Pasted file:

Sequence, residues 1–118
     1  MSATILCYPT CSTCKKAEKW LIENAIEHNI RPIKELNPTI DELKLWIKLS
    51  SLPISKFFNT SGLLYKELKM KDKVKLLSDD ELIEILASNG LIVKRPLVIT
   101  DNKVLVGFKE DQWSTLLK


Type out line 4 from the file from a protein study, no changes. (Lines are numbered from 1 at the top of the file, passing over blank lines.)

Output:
   101  DNKVLVGFKE DQWSTLLK